AKRON -- Former Cuyahoga County Deputy Auditor Samir Mohammad and businessman Hamdi "Sam" Qasem pleaded guilty to racketeering Monday for their role in trading things of value with public officials in exchange for favorable personnel decisions, the U.S. Attorney's office said.
Mohammad and Qasem both pleaded guilty to one count of racketeering.
Mohammad also pleaded guilty to conspiracy to commit bribery concerning programs receiving federal funds, Hobbs Act conspiracy, witness tampering and making false statements.
Their pleas were accepted by U.S. District Court Sara Lioi. Their trial had been scheduled to begin Tuesday.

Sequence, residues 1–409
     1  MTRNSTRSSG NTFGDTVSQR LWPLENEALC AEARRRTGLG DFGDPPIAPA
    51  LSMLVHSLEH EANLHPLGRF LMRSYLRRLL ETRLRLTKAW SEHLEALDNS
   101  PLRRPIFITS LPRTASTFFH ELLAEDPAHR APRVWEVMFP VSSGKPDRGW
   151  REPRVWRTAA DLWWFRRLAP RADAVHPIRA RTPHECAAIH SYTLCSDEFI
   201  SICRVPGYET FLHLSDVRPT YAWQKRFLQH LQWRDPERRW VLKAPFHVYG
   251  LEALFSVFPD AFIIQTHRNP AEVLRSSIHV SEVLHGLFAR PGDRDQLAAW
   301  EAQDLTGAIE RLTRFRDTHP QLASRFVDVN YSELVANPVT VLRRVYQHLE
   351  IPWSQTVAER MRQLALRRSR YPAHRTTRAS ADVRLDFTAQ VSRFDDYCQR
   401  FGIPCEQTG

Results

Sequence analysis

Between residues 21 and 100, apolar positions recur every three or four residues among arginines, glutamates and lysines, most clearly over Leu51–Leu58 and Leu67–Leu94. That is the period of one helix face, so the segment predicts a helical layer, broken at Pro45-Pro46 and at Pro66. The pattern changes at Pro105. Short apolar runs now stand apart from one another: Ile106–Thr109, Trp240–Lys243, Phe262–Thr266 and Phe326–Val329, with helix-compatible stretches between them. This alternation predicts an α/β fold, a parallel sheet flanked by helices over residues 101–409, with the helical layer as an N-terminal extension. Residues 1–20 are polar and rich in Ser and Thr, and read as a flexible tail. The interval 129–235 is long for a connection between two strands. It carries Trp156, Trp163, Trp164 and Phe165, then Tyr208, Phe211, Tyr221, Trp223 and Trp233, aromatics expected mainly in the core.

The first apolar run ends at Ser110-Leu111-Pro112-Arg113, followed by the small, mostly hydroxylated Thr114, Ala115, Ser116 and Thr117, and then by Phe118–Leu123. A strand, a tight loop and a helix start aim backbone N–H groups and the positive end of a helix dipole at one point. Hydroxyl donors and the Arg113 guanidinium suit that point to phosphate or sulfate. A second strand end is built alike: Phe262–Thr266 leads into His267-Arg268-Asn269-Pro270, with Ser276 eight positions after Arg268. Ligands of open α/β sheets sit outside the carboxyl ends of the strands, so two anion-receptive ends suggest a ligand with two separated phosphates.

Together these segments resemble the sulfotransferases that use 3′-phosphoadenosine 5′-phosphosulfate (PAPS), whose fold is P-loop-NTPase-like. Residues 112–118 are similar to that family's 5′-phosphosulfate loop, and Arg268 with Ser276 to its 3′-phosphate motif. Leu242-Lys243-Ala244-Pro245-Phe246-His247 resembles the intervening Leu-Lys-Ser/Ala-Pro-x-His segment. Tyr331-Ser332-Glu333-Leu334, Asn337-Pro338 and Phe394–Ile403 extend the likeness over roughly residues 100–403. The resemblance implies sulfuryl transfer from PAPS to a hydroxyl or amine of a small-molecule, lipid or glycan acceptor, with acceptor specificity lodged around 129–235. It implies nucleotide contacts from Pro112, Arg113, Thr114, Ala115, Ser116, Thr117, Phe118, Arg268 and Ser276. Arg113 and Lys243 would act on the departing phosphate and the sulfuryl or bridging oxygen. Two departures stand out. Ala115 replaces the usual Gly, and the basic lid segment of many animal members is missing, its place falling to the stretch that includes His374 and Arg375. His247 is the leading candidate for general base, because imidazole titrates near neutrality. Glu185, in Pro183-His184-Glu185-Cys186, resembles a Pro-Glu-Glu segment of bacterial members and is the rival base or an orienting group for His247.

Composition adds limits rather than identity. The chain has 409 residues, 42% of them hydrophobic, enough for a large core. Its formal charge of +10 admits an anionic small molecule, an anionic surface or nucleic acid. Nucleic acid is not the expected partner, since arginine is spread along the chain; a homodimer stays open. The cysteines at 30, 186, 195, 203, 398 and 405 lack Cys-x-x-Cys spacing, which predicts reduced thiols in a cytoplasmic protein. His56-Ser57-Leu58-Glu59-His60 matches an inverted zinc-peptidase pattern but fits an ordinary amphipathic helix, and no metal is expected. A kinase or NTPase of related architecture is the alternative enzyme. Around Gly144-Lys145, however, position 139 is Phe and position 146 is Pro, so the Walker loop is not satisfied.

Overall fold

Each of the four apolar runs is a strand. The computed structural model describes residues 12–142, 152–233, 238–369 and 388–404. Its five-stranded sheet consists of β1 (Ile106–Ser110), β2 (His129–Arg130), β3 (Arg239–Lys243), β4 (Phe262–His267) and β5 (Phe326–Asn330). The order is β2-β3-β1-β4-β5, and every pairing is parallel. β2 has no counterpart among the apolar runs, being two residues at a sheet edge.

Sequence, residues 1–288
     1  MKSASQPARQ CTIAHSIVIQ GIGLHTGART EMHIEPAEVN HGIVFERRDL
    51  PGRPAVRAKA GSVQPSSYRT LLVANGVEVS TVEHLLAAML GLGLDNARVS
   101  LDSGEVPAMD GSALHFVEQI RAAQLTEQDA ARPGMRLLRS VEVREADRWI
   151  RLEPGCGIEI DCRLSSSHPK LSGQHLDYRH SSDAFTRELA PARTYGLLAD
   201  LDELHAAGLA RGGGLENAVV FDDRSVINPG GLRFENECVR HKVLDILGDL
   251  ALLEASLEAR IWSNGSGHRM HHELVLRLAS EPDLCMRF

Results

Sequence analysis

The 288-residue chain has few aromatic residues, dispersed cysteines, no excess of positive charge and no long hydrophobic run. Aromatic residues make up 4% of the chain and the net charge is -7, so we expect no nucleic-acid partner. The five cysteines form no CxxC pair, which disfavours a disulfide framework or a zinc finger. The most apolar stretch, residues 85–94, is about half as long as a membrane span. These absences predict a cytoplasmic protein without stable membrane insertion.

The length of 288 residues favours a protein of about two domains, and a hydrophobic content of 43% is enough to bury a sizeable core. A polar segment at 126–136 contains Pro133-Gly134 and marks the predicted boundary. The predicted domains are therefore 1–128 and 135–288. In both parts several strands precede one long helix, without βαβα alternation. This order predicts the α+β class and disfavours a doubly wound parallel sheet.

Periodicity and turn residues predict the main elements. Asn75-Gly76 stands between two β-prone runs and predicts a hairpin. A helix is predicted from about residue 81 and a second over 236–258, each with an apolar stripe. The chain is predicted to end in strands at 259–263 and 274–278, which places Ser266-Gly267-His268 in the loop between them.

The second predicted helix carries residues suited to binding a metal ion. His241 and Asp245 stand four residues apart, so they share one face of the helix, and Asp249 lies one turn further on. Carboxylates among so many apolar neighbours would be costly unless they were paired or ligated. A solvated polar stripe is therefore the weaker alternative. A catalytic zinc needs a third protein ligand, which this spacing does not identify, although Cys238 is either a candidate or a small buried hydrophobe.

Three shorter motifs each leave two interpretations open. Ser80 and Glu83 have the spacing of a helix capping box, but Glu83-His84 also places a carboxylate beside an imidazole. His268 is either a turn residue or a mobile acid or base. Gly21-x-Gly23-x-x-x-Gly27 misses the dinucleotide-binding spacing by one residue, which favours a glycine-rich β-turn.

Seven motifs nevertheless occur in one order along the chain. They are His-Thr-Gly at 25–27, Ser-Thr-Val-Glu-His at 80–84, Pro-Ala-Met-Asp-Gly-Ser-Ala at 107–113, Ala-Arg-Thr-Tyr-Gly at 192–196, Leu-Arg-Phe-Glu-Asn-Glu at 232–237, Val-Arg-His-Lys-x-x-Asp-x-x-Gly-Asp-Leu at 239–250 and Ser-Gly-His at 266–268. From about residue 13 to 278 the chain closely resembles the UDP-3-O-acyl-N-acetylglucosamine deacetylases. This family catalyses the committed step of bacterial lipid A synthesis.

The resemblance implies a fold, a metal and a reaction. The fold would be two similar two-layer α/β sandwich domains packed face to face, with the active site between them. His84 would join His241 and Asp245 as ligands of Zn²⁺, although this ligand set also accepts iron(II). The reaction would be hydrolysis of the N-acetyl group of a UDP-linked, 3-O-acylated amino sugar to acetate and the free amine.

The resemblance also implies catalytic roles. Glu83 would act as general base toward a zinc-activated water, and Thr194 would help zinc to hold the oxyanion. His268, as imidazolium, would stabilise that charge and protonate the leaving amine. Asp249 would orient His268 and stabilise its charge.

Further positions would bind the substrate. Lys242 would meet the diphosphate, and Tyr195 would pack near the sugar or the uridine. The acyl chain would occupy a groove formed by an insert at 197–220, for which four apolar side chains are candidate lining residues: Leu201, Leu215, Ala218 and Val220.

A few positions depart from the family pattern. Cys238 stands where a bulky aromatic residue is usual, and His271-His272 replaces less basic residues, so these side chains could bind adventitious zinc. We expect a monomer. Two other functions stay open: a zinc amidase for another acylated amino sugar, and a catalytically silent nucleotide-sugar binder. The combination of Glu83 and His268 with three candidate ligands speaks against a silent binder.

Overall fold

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They are scheduled to be sentenced on Jan. 4. According to Mohammad's attoney Joe Dubyak, the agreement has Mohammad likely serving 46 months in prison.
Former Cuyahoga County Auditor Frank Russo and others had county management hire people that were friends and relatives of Mohammad and Qasem, in return for Russo and others receiving money and other bribes.
Mohammad also used an intermediary to offer and give things of value to former Cuyahoga County Commissioner Jimmy Dimora in return for favorable personnel decisions, according to court documents.
Mohammad, along with Russo, Kevin Payne and J. Kevin Kelley, also used their influence to secure the participation of Broma Information Technology, an IT consulting firm, in a large county project, in return for cash kickbacks.
Mohammad received a portion of those cash payments, which he, in turn, delivered to Russo, according to court documents.
The investigation into Cuyahoga County corruption continues.